How Ambassador Gary Doer won over America
Former NDP premier credited for smoothing Canada-U.S. relations during turbulent times
It's noon on a typically steamy August day in the U.S. capital, and Gary Doer strides into a Capitol Hill restaurant looking every inch the man who's "living the dream" — an expression he often uses gleefully to describe his job as Canada's ambassador.
Tanned from a break at his Lake of the Woods cottage and wearing a crisp white shirt, blue tie and blue pin-striped suit, Doer's definition of "the dream" might be open to debate since he's held the post during an especially tumultuous period of contemporary American politics.
But Doer, now heading into his fourth year on the job, says he feels privileged to be sitting in a front-row seat for the action, as well as actively participating by ensuring Canada gets some attention amid the din of domestic, partisan brawling that's emanated from Capitol Hill over the past four years.
"It's been a thrill being here," Doer, 64, says sincerely, flashing his trademark high-voltage smile.
Since the moment Doer stepped off the plane to begin his stint in October 2009, the former Manitoba premier has been cheerfully fending off U.S. protectionism and promoting Canadian interests, particularly Trans-Canada's Keystone XL pipeline, to an administration some believe is unfriendly to Canada.
A recent article in the online edition of the Foreign Affairs periodical by Derek Burney and a Carleton University foreign policy expert caused a stir in diplomatic circles. The former Canadian envoy to the U.S. cited a litany of alleged snubs and wrongs towards Canada by U.S. President Barack Obama.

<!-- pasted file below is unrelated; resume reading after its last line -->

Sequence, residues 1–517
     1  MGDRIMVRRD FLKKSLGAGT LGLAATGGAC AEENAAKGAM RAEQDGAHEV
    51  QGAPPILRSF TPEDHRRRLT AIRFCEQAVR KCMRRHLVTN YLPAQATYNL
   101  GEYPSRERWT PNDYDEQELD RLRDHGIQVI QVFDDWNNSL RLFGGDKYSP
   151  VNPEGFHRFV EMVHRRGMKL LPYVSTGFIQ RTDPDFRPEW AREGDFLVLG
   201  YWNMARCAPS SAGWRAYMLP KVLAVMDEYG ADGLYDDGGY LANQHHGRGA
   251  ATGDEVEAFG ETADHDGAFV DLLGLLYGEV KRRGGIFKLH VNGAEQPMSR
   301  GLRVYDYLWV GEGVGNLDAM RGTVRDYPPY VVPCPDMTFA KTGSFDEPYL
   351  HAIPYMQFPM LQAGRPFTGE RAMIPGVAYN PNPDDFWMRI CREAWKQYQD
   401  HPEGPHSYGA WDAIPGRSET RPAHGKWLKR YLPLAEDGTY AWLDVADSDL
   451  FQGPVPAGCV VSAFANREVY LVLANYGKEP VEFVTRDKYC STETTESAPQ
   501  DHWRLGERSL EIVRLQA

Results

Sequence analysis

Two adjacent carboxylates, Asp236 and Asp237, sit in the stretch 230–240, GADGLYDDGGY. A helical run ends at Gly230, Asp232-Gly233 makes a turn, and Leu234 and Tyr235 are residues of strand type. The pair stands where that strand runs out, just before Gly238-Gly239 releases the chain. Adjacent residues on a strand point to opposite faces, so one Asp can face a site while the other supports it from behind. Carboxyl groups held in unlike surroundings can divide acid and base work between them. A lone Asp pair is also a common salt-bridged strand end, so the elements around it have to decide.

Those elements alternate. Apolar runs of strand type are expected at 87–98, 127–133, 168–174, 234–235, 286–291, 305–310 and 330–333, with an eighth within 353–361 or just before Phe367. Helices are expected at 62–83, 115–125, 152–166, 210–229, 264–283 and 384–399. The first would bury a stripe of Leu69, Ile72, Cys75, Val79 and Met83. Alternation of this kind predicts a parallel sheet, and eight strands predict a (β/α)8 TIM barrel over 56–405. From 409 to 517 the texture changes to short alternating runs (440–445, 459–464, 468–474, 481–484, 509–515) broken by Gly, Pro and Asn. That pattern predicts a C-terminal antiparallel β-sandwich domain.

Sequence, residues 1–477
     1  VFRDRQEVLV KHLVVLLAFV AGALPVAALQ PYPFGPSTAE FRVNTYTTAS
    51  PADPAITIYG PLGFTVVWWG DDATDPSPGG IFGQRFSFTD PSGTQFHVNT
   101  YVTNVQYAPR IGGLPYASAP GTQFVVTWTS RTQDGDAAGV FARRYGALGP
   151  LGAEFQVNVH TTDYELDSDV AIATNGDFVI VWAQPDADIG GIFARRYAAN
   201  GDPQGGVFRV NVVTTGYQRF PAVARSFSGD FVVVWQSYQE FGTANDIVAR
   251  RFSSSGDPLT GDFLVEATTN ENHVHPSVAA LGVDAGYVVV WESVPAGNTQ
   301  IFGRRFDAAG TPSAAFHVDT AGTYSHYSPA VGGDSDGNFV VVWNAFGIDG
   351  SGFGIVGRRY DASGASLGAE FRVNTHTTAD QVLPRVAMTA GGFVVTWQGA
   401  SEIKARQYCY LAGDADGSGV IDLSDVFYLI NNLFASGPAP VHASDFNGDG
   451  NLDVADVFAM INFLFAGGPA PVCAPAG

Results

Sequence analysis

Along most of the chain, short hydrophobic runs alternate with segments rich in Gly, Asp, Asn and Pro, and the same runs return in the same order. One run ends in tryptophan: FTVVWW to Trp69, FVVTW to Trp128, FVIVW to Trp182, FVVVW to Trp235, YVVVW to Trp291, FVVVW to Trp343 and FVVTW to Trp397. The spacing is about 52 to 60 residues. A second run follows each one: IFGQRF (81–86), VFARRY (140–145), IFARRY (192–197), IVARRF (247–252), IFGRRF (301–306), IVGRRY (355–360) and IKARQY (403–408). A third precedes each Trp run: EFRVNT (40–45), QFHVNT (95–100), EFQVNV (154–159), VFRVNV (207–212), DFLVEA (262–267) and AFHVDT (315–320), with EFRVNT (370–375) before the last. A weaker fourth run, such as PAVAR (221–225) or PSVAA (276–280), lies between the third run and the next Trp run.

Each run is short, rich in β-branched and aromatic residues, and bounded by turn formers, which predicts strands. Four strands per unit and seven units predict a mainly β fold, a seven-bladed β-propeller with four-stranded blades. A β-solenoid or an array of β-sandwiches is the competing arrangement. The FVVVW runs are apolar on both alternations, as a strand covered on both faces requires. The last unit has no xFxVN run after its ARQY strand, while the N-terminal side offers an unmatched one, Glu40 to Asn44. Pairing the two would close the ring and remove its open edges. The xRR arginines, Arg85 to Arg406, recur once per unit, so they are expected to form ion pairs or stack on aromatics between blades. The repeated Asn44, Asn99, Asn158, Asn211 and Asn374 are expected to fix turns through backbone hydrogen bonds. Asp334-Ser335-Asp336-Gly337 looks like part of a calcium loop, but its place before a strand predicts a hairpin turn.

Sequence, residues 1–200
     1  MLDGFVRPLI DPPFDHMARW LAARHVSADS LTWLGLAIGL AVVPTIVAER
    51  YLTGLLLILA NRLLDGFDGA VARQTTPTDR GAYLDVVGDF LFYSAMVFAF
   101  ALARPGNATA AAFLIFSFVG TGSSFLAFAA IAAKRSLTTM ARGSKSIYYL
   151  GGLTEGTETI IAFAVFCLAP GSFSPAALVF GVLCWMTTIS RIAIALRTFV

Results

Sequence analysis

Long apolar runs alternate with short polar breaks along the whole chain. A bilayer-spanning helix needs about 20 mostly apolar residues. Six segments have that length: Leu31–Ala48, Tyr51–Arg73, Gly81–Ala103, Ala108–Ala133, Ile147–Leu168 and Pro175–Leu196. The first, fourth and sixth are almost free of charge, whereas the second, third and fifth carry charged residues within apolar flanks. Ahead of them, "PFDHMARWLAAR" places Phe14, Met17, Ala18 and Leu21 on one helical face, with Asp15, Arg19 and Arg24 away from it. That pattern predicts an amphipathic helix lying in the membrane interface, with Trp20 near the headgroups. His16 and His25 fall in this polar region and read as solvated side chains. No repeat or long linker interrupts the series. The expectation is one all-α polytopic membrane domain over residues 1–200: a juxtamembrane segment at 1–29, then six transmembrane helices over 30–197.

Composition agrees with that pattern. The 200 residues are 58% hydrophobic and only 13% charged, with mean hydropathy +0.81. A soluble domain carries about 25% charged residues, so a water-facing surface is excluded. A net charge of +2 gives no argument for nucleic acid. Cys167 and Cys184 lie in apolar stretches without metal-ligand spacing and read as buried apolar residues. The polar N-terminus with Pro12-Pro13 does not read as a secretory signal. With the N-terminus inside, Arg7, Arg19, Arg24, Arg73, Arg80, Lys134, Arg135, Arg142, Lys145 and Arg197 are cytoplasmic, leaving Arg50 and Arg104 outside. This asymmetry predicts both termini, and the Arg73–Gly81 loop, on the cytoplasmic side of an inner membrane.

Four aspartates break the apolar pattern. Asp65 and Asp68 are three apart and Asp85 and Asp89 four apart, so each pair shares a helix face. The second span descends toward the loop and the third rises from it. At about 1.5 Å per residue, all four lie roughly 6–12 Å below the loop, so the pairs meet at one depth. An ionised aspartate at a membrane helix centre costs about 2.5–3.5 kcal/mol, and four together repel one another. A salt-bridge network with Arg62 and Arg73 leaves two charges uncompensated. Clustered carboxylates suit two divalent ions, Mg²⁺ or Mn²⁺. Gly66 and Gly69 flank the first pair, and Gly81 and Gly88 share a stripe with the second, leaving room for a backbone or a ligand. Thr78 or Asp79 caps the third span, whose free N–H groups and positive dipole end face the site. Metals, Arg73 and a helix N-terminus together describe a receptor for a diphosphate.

"You know, those words are subjective," Doer says of Burney's piece, as he eschews the fancy fare at the swank Pennsylvania Avenue restaurant and tucks into a hamburger and fries instead, carefully removing the lettuce leaves from atop the beef patty to get down to culinary brass tacks.
Doer says he and his staff at the Canadian embassy are successfully working through an extensive "to-do list" for 2012 that includes everything from getting Canada into the Trans-Pacific Partnership to agreements on energy and the environment.
"Our to-do list is getting done. Is it a perfect relationship? No. I hear Americans complain about what we may or may not do, and I hear it the other way .... But subjective, good/bad, friendly/unfriendly, frowning/smiling, all that stuff — I don't waste time on that."
Far from being snubbed or ignored by the administration, Doer adds, quite the opposite has been true. The Canadian embassy has the ear of top administration officials on various issues while Obama and Prime Minister Stephen Harper have a solid connection.
"They have a very professional relationship, which is very important," he said.
Praised for handling of pipeline decision
One Canada-U.S. expert credits Doer with helping to cultivate that relationship, even as Canadian officials were blindsided in January when Obama rejected Calgary-based TransCanada's permit until after the presidential election and another State Department environmental analysis.
"That's the minor miracle of Gary Doer," says Chris Sands of the Washington-based Hudson Institute.
"He's been able to convey the message that Canada understands the U.S., and the political challenges facing this administration, while also promoting Canadian interests. It's all the more striking because he's working for a conservative government that is not making any secret about its conservatism on the international stage."